Photo by Lola M. Chavez

Contractors began installing a permanent fence around the perimeter of McCoppin Hub last week, enacting plans, which date back to 2015, to close the public plaza at night. The fence is meant to put an end to the homeless population’s use of the hub for sleeping and alleged drug use by making it accessible during daytime hours only – a model already in use at the nearby skatepark and dog park.

Not everyone is happy about the eight-foot-tall, black-painted metal fence going up around the plaza. When the contractors showed up to begin work on it, they found two wooden signs hung up in the plaza that seem to be making fun of the neighbors’ complaints that the homeless population is making the park dirty.

One reads, “Welcome to McCoppin Sewer: The Most Pisselegant Park in San Francisco.”

The other, larger sign reads, “Welcome to McCoppin Pigstye Histerical Landmark: Winner of the Pissbucket Award Three Years Running, and also Winner of the S.F. Pisselegant Trophy in 2004.”

A passerby, who lived in the neighborhood, said he believed a homeless occupant of the plaza had created the signs. He expressed worries that the fence would block off the park for residents or might even end up fencing sleeping people in.

Responding to complaints, District 6 Supervisor Jane Kim secured funding for the fence that is being built in a collaboration with the Department of Public Health and Public Works. A temporary fence has been up around the plaza since February.

The idea to enclose the plaza received a mixed response from the community. Many have argued the fence is necessary to curb the nighttime activity that makes it hard for neighbors to enjoy it. Others believed closing the hub is discriminatory to the homeless population that sleeps there.

Since its renovation in 2014, getting people to the plaza has been hard; the U-Haul store next door doesn’t draw much neighborhood traffic to the plaza, and efforts to bring in food trucks, such as the popular Off the Grid event, have failed because of the lack of foot traffic.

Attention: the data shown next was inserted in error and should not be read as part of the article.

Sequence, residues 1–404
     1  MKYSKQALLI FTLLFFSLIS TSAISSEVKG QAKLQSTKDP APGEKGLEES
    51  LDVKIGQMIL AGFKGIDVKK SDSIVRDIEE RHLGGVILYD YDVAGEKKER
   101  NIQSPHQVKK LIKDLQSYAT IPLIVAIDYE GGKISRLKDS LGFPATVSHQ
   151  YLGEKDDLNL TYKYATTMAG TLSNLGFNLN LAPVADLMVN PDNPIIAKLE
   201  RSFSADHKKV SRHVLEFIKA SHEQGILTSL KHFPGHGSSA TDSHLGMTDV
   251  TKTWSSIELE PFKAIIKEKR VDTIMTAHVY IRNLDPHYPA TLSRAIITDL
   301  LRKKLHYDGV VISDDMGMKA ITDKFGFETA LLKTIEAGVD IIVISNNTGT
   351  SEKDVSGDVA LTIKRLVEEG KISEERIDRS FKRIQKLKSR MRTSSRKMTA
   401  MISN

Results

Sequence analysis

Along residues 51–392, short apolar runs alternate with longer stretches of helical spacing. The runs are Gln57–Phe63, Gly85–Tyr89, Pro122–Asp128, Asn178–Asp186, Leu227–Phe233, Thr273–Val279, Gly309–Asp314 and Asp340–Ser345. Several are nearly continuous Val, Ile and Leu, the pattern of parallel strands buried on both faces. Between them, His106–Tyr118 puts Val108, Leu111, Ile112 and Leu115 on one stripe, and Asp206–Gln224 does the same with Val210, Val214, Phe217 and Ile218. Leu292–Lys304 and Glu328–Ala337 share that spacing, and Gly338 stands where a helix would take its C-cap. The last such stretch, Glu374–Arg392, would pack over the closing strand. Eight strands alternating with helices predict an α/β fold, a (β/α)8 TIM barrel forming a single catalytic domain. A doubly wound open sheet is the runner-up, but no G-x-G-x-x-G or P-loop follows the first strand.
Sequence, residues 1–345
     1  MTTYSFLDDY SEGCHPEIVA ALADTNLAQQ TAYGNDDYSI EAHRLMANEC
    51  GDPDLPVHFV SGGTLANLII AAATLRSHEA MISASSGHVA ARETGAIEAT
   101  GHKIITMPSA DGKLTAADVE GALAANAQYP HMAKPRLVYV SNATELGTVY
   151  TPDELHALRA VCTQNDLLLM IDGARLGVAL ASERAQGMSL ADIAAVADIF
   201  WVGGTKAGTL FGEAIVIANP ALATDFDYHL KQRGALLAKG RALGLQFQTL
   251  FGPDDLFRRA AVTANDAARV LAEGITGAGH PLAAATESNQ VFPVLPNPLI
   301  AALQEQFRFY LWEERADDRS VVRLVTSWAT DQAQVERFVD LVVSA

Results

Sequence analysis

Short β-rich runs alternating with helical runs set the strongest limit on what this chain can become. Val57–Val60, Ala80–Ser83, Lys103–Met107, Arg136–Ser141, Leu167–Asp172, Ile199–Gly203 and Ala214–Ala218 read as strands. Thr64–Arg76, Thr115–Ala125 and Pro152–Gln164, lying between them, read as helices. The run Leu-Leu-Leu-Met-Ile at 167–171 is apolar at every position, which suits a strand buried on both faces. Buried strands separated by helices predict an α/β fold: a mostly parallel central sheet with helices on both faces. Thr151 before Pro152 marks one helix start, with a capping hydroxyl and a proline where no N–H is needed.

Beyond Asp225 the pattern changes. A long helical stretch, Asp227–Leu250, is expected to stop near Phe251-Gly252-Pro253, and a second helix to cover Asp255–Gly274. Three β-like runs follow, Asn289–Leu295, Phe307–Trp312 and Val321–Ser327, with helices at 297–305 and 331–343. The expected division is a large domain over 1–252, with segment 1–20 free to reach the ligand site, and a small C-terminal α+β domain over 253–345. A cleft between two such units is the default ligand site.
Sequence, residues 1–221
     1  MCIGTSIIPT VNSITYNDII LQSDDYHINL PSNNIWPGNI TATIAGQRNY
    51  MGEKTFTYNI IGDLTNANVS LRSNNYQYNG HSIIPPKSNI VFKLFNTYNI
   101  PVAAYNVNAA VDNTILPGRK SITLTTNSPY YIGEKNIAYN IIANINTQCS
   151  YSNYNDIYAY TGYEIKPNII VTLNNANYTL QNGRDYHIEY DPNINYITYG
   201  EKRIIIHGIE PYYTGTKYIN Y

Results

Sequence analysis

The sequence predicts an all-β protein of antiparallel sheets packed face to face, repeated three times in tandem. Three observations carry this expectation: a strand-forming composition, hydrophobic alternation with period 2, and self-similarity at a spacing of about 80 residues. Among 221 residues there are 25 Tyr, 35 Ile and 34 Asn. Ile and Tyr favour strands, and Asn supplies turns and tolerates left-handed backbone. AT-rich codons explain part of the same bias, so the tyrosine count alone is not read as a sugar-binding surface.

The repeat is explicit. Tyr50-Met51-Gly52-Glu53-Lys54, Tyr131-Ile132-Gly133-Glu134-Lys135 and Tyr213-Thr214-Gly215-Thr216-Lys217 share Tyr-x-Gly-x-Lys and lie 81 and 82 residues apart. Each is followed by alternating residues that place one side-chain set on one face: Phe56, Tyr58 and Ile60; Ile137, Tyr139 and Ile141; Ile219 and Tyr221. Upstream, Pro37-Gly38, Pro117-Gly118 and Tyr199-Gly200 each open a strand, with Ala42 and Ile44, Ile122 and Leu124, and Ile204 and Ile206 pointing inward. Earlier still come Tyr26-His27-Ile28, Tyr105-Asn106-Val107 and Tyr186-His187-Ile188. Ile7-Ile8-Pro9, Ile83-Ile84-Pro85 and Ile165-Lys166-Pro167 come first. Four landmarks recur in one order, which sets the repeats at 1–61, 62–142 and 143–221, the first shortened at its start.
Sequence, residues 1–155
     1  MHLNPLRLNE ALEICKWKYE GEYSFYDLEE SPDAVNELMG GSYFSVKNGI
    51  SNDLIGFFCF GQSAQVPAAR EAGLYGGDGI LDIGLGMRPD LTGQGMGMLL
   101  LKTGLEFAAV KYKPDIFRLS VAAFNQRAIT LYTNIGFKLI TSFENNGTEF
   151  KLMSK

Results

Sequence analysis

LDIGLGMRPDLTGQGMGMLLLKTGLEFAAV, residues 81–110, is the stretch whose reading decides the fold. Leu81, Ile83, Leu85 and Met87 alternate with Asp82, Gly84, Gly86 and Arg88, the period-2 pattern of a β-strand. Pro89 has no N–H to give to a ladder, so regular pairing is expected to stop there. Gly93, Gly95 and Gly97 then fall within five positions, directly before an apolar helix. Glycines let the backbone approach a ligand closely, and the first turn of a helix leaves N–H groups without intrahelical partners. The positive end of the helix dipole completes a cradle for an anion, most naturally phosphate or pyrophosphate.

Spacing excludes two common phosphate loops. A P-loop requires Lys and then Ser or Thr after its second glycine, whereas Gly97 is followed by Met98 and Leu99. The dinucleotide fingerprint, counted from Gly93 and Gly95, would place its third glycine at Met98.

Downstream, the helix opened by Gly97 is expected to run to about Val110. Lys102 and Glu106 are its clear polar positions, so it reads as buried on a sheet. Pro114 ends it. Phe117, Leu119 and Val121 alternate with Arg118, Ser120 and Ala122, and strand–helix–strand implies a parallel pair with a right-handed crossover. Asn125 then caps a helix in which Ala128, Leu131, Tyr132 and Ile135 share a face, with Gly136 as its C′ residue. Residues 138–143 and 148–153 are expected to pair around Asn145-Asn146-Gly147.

One of the men installing the fence, Ricardo, said the work would be done by the end of the month.

“It’s kind of a nice park,” he said, “but it’s kind of…They don’t take care of it. They need to take care of it.”

Thanks to Michael Petrelis for tipping us off. 

Photo by Lola M. Chavez
Photo by Lola M. Chavez
New fence going up around McCoppin hub. Photo by Lola M. Chavez

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  1. “Alleged drug use” from the “alleged needles” and “alleged crackpipes” spread generously throughout the park. Jury still out on drug use guys.

  2. Wow, if I didn’t know any better I’d say this story just fell into your lap. I’ve been on this story since Saturday,, and sent alerts to several email addresses for Mission Local folks.

    Then today, I posted an update,, which has been generating a good number of comments.

    Would have been nice and neighborly of you all to mention my calling attention to the fence going and reporting over the past few days.

    1. Michael: Our apologies. We did indeed get this as a tip from you and we intended to credit you, but a new writer wrote it up and I wasn’t in the office before this went up. We have added an acknowledgement. Best and thank you, Lydia

  3. If the park is not used by many people, maybe it can be a future site for affordable housing? The city already owns the land and it’s close to transit.

    1. Bingo! In this city open space is a liability since nobody wants to deal with the street people who use it as a toilet and shooting gallery. It’s prison mentality. Instead of addressing the problem, punish everybody.

  4. Sounds like this “public” park/space/plaza is only for certain members of the public. How new San Francisco!

  5. That park was only used by homeless people. That’s what happens when homeless people take over public space. They monopolize and denigrate it as they are unable to take care of themselves much less the space they occupy. If you don’t believe me check out the junk piles that accompany any of the homeless tents in the city. These people need to be off the streets. Not in prison but also not necessarily in housing in SF either which is one of the hardest places in the state to build new housing. We can’t allow the homeless people to misuse public space which should be kept clean and safe for everyone to enjoy.

  6. Progressive politics is a huge failure and just enables despair and degradation. It belongs in the dust bin of history along with Communism, another good sounding idea that was also not sustainable.

  7. Hi Lydia,

    Many thanks for the acknowledgement of my reporting about the development’s with the fence at the hub. Your note goes a long way toward maintaining Mission Local’s good relations with the community!

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